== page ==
Choosing the Perfect Rhythm for Your Drum Part
Playing a percussion instrument is all about rhythm. So if you play the drums, when you get together with other musicians, you need to be able to choose the correct rhythm for each song. If you end up reading music, this task is easy because the style of the music and basic groove pattern are notated on the chart (sheet music), but if you play without music, you have to figure out what to play. To do so, you need to listen to what the other musicians are playing and immediately choose a rhythm that fits.
Getting hints from other musicians
Often, somebody tells you the basic style of the tune by saying "straight-ahead rock" or "blues feel." This hint gives you some idea of the genre of the music, but, depending on the person's knowledge and skill level, it may or may not really help you figure out what to play. Just nod your head knowingly and listen very carefully (asking for clarification if you don't understand is often okay).
If the person counts the song in (for example, "one, two, three, four — play") without playing an intro, you may have to fake it until you can actually hear what the other musicians are playing. The best thing to do is play the rhythm in Figure 1 until you can figure out what's going on.
The rhythm in Figure 1 works well in these situations because it contains the core instruments (hi-hat, snare drum, bass drum), and it won't conflict with the rhythms of the other instruments, no matter what they're playing.
Using the music as a guide
The most important factor that will guide you in determining which rhythm to use is the overall feel of the music (the section or song). To figure out the overall feel, start asking yourself the following questions:
- Does the song have a straight or triplet feel? You need to listen carefully to the music to answer this question. Depending on the song and the abilities of the other musicians, the feel is pretty easy to determine. In some cases, though, hearing it will prove more difficult. Fast songs in a shuffle feel, for example, can sound surprisingly like a straight feel.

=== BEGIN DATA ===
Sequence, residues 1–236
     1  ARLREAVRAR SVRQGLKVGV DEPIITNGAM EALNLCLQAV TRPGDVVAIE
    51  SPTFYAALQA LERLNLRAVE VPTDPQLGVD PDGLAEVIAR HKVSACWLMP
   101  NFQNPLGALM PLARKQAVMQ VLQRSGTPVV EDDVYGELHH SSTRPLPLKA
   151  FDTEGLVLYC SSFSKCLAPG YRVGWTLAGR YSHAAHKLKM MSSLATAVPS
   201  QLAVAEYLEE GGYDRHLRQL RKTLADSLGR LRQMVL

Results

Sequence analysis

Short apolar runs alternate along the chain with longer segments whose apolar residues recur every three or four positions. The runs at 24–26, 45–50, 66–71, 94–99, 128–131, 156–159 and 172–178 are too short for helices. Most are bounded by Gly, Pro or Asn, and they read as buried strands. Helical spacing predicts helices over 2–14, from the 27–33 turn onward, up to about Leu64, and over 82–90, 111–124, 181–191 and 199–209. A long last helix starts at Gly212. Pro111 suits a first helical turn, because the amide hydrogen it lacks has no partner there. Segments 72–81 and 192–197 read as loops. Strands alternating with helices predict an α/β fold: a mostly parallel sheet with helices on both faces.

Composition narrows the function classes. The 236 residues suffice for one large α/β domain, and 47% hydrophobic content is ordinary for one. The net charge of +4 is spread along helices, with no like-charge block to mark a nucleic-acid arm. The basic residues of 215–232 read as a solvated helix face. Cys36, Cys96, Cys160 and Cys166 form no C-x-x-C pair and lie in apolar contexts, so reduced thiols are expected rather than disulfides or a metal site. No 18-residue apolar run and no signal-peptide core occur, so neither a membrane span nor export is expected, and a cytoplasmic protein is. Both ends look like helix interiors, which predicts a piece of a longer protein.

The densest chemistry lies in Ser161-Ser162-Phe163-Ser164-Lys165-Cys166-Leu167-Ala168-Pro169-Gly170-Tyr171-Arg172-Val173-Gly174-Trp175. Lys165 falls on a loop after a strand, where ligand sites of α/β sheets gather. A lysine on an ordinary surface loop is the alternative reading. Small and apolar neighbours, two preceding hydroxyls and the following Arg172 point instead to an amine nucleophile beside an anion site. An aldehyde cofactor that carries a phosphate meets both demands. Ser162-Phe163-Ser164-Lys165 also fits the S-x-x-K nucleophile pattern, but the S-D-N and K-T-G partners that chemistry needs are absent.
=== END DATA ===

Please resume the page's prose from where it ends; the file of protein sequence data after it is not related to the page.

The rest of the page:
- If you're unsure if the song has a straight or triplet feel, asking is generally okay. However, if you're in a situation where asking isn't possible or desirable, the best thing to do is keep it really simple until you can figure it out (try starting with the rhythm in Figure 1).
- What subdivisions are being used? Whether eighth or sixteenth notes are the basis of the main rhythm determines what type of rhythm you choose. If the guitar or keyboard player uses sixteenth notes, for example, you will probably find that playing sixteenth notes on the hi-hat will fit well.
- Is the feel regular or half-time? To answer this, listen for the basic pulse and watch other musicians as they play their parts (they often give this information away by the way they tap or sway as they play). It's often pretty easy to tell the feel: One style fits much better than the other.
- What is the length of the rhythmic phrase? After you know the overall feel of the music, start listening for the rhythmic phrasing of the other instruments. The length of the rhythmic phrase can help you decide how long you want your rhythm. The most common lengths for rhythms are either one or two bars, although it's not unheard of to have a groove that's four bars long. Listen to the bass player. His or her rhythms are your cue for what to play on the bass drum.
- Unless you're playing in a free-form jazz-fusion band using bizarre odd meters or you're into experimental music where there isn't a distinguishable pulse, the style of the song gives you an immediate sense of what to play. In most cases, you draw from a handful of established grooves.
Figure 2 shows you an example of how a drum part relates to the rhythms of the guitar and bass player's parts. Notice how the hi-hat pattern and the bass player's notes on the one and "&" of two (played on the bass drum) matches the guitar player's eighth-note rhythm. Because this is a rock tune, the snare drum plays on the two and four.